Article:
If the t-shirt handstand challenge that did the rounds on Instagram last year showed us anything it’s that: a) there are a mountain of athletic celebs populating the app, and b) we really need to learn how to do a handstand.
There are benefits besides showing off on IG stories too. Getting upside down brings fresh, oxygenated blood to your head and brain which can calm you down and lift your mood. It will also increase circulation to your upper body and relieve pressure on your feet and legs. Learning to handstand builds your upper body and core strength too, and helps hone your balance.
But ‘challenge’ is the operative word here. A handstand is no easy feat, let alone one involving all this maverick multi-tasking.
And so if you’re yet to master this acrobatic achievement (and have some time on your hands), here’s a handy guide to help you on your hand-standing way, with yoga teacher and handstand virtuoso Chris Magee. Now, ‘hands’ at the ready.
Why Is It So Hard To Do A Handstand?
Before we start, let’s first understand why you may be finding the handstand so difficult in the first place. “It is a challenging movement for several factors,” notes Magee. “It requires a lot of strength in the shoulders and core, as well as a flexibility of the shoulder in an overhead position and in the hamstrings too depending on how you choose to enter.
“The most common difficulty though is our lack of familiarity and spatial awareness when we turn everything upside down.”
There’s a great deal of fear that comes from completely letting yourself turn upside down. You will have to take that risk when kicking up from the ground, and you will fall over many times, or just bail out of the movement before you even get anywhere near. It may hurt (which is why it’s best to make earlier handstand attempts on a patch of grass or a thick carpet) but overcoming that fear of failure will be key to finally reaching your goal.
And the persistence and resilience you need to master that handstand will stand you in good stead for the rest of your life. We will all ‘figuratively’ fall over many times in life. It’s how we get up from that fall that will lead to our success – whether that be in work, love, life, or simply just being able to put a t-shirt on while your feet are above your head.
How To Prepare
So, before you enter the world of the upside-down, is there anything you can do to help prepare yourself?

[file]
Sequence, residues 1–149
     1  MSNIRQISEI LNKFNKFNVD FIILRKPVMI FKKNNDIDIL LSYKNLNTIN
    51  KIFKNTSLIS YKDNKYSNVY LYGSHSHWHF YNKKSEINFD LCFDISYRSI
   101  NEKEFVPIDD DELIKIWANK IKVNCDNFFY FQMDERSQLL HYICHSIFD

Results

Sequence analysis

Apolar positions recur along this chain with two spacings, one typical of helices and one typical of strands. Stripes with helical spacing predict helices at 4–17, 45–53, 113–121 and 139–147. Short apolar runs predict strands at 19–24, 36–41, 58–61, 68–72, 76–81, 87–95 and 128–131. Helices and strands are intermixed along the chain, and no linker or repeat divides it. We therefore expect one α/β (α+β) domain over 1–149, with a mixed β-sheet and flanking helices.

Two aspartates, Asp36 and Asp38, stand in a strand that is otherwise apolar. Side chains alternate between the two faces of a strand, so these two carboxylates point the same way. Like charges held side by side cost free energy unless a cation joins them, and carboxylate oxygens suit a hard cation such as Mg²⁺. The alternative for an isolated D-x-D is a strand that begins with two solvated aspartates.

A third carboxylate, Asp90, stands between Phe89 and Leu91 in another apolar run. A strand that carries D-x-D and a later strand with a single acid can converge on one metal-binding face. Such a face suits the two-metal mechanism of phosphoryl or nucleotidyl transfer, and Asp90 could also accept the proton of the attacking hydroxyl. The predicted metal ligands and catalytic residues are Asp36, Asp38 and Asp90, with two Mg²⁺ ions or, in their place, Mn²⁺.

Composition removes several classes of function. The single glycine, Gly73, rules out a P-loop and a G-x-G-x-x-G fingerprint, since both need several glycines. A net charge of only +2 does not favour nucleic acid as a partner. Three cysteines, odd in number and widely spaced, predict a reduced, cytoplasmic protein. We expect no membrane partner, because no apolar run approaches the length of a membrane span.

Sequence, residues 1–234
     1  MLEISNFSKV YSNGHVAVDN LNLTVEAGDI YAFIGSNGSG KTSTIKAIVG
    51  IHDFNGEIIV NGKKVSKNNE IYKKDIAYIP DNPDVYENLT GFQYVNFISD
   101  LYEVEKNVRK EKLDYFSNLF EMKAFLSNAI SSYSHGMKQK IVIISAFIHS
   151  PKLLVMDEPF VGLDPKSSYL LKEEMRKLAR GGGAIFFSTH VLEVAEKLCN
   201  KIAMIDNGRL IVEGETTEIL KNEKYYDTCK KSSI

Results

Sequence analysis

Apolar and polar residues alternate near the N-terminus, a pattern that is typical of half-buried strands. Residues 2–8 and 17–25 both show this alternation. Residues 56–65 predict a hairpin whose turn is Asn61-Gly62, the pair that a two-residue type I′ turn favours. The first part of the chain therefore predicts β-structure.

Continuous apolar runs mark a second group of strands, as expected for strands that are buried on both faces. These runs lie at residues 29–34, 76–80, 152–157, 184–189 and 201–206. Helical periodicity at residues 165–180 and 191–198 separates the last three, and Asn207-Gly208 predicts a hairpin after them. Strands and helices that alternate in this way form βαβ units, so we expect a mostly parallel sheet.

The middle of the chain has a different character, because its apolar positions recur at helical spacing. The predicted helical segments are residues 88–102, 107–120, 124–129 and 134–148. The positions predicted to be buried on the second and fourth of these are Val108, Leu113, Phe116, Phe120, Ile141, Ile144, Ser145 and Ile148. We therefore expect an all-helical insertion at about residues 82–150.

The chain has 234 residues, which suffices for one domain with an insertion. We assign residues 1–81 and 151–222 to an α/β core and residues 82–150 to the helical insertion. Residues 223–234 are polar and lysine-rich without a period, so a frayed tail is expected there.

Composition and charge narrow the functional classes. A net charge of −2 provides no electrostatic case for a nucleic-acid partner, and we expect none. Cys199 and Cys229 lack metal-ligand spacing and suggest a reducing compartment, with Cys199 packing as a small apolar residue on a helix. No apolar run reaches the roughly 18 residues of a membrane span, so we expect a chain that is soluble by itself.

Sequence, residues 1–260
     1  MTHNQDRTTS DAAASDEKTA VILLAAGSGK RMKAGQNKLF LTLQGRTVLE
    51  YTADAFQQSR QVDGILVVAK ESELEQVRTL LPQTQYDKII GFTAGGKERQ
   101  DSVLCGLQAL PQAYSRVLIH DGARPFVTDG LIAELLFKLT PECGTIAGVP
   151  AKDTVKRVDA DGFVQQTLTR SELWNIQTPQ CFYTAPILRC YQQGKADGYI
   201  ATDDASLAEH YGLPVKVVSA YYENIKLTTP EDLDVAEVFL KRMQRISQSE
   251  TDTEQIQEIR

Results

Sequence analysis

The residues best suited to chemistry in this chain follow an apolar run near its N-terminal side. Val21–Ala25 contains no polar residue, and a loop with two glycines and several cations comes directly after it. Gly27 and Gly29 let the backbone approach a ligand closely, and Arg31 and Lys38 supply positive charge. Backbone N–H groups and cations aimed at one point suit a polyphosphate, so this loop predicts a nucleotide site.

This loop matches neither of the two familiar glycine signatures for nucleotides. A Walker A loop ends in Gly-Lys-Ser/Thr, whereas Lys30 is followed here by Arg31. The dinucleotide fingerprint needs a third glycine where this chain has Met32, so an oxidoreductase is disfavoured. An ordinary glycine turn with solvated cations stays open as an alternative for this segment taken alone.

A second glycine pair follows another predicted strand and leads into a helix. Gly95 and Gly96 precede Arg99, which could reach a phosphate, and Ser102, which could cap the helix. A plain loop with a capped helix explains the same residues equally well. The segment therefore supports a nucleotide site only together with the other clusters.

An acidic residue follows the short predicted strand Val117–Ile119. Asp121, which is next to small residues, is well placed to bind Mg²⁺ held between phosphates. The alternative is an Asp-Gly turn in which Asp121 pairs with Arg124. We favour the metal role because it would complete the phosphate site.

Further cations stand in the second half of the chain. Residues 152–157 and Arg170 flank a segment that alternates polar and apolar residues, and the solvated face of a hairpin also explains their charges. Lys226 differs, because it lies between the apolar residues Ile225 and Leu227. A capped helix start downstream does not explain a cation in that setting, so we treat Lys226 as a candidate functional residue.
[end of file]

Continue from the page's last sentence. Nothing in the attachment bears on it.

“Actively working isometric holds that have a similar shape are a great way to increase your strength and flexibility whilst you are working on the shape itself,” says Magee. “Think planks, and yoga poses with your arms reaching overhead. Downward dog against a wall is also great if you are finding tightness and resistance in your shoulder position.”
Building upper body strength to hold yourself up is important, but equally important is working on your core. It is essentially this middle part of your body that is working to hold you stable as you’re in the handstand position. Abs workouts that specifically target your core then will be hugely beneficial in your quest.
How To Do A Handstand For Beginners
All these core workouts won’t mean diddly-squat if you haven’t overcome ‘the fear’ though. That feeling of letting your body turn the wrong way around can cause us to panic and fall over. But, that natural instinct to look for support on our early attempts can actually be used to your advantage according to Magee.
“Fear can be a big thing that gets in the way of people getting up in the middle of the room when they first start, so everybody tends to begin near the wall,” explains Magee. “This can be really helpful if we learn to use the wall the right way. Rather than putting your hands down facing the wall and kicking up into it to end up in an unhelpful banana shape, measure one legs distance away from the wall.
“Place your hands there, facing away from the wall. Walk one foot up to 90 degrees and push into the wall to lift your hips above your shoulders.”
Keep your hands directly under your shoulders so that your arms are vertical and you can push your weight into the floor and get a good grounding. This will help you hold your handstands for longer.
“The leg that was on the floor can then join the foot on the wall keeping the whole body at a right angle,” continues Magee, “or can reach up to the sky replicating a split leg handstand. As your awareness and strength increase, you will be able to put less and less pressure through your foot on the wall, eventually finding those moments of balance.”